raises the issue of his own punishment twice in this section, first
in Chapter 31 and then again in Chapter 36. In Chapter 31, Humbert
suggests that no legal punishment could possibly prove sufficient
and appropriate for his crimes. He will personally, however, suffer
eternally under the knowledge that he is ultimately responsible
for the loss of Lolita’s childhood. In Chapter 36, Humbert recommends
that he be sentenced to thirty-five years in jail for his crimes,
though he can’t advocate the death penalty, being morally opposed
to capital punishment. The novel itself refuses to offer any closure
on the subject of Humbert’s punishment. We never see Humbert tried
in a literal courtroom, since, as we learn from the foreword to Lolita,
Humbert dies in jail before reaching trial. The novel arrests itself
at the stage of judgment, leaving the task of appraising Humbert’s
guilt and determining his sentence in our hands.
At the end of the novel, Humbert stops presenting his
case to us, the jury, and instead addresses his victim directly.
Humbert doesn’t plead for Lolita’s forgiveness, but he does attempt
to make peace with her. He tells her that he is “thinking of aurochs
and angels, the secret of durable pigments, prophetic sonnets, the
refuge of art. And this is the only immortality you and I may share,
my Lolita.” Here, Humbert alludes to several figures from art history,
from the aurochs, or bison, of ancient cave paintings to the religious
iconography of the Old Masters, rendered in their “durable pigments.” Like
the “prophetic sonnets” of William Shakespeare—in which Shakespeare
predicted that his poems would life forever and that the sweetheart
described within them would likewise be immortalized—Humbert offers
his work of art as a present and penance to his darling. Humbert
and Lolita share the “immortality” of Lolita, becauseas
long as the novel exists, there will be a record that preserves
their time together. Though Humbert (and Nabokov) couldn’t have
known this at the time, Lolita has also become
a canonic masterpiece of western literature, thereby granting it another
level of immortality.
However, the question of whether Humbert’s artistic talent
can mitigate his moral guilt remains an open one. Humbert believes
that the true depravity of his crime lies in his wanton destruction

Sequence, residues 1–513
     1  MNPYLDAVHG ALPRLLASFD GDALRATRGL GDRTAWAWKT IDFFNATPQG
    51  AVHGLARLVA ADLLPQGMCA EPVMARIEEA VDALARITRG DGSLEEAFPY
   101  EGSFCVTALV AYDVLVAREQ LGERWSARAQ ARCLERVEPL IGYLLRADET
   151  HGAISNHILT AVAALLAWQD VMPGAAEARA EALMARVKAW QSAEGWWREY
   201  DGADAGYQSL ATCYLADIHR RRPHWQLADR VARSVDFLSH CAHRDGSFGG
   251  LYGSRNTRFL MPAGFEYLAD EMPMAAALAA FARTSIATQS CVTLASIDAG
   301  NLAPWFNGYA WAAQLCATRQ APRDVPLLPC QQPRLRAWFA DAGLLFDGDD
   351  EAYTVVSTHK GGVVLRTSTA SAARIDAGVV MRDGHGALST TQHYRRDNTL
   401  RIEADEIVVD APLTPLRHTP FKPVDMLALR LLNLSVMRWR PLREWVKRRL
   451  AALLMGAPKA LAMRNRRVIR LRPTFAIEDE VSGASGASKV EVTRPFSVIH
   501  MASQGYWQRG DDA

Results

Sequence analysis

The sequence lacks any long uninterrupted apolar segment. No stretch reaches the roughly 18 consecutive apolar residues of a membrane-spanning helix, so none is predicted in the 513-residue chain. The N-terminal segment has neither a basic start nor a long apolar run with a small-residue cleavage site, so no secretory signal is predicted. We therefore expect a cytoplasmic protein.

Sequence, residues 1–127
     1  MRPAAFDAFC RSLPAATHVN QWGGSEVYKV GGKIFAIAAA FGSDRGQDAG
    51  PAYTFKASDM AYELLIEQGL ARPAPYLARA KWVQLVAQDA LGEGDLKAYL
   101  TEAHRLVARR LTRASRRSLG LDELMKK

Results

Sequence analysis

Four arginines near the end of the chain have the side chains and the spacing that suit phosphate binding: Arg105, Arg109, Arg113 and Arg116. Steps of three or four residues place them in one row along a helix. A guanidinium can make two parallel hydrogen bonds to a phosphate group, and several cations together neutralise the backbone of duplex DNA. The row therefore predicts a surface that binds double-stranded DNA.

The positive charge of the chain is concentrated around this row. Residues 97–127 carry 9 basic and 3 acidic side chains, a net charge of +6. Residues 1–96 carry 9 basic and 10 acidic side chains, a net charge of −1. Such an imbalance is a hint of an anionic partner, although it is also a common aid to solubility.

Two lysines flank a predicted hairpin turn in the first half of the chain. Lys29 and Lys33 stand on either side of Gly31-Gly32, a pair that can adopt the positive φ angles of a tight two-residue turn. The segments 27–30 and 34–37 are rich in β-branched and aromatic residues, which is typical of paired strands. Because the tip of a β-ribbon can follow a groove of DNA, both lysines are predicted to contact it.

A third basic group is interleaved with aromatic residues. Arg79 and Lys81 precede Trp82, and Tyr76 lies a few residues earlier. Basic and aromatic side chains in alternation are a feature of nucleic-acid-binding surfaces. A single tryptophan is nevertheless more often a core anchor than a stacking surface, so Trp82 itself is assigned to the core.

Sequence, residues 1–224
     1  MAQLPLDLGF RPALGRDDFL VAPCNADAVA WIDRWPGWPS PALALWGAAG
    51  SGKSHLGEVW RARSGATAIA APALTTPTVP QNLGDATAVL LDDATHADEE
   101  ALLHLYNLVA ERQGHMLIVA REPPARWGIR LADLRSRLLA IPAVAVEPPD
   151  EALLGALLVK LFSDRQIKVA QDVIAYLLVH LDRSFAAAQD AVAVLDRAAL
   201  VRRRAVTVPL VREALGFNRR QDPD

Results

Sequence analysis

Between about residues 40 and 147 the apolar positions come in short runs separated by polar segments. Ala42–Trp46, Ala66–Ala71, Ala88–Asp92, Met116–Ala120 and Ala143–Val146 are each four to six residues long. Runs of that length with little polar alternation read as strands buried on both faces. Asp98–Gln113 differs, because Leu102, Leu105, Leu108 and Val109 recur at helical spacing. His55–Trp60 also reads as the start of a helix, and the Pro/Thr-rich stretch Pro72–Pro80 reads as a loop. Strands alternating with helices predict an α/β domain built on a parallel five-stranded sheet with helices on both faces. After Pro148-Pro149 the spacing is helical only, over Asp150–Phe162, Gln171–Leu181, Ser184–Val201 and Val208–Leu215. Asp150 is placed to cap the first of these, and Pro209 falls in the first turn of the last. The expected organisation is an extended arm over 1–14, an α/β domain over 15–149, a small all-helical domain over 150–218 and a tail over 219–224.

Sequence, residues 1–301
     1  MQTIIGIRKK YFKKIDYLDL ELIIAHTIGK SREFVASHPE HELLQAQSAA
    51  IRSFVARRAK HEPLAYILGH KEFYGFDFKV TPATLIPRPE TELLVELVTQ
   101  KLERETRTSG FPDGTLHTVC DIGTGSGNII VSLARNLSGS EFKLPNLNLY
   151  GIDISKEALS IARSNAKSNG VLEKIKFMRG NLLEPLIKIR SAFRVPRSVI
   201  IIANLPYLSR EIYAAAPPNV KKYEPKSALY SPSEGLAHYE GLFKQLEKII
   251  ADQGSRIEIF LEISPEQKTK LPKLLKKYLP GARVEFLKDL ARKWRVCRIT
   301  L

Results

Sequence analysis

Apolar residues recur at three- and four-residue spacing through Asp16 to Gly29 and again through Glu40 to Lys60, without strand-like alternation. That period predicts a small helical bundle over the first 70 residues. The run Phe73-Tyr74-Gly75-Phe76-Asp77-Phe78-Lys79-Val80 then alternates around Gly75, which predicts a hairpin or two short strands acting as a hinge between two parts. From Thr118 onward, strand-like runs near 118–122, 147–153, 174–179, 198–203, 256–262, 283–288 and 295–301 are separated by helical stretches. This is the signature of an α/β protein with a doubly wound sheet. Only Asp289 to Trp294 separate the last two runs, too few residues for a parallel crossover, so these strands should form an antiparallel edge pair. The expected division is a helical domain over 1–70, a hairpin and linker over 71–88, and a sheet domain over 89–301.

of a beautiful thing—Lolita. If he manages to recapture that lost
beauty in another beautiful creation, the novel Lolita,
can we somehow forgive the corrupt criminal Humbert? When Charlotte
dies, Humbert denies any culpability in the matter, claiming that
“poets never kill.” However, as Chapter 35 demonstrates, poets do
indeed kill. Humbert even composes an ode in honor of Quilty’s murder,
which he recites just before shooting him.
In the final lines of Chapter 36, Humbert speaks of “the
refuge of art,” and we may ask ourselves whether Humbert is indeed
attempting to take shelter within his beautiful, mazelike creation,
hiding his sinfulness within elegant prose. The novel ends with
the word Lolita, which, quite famously, opens the novel as well.
By bracketing the novel with such an explicit instance of symmetry,
Nabokov draws attention to the novel’s formal, literary qualities. Lolita doesn’t
represent a spontaneous outpouring of emotion, but a planned, controlled,
composed account of a deeply disturbing series of events. It may
seem inappropriate, then, to respond to Lolita emotionally,
even though Humbert’s agony often seems genuine and heartbreaking.
However we react to the ending of Humbert’s tale—whether we forgive
Humbert because of the obvious pain he has suffered, or because
he has created an exquisite work of art, or whether we continue
to hold him accountable for the incredible damage he has caused—Lolita forces
us to interrogate the moral aspects of art appreciation.
Ace your assignments with our guide to Lolita!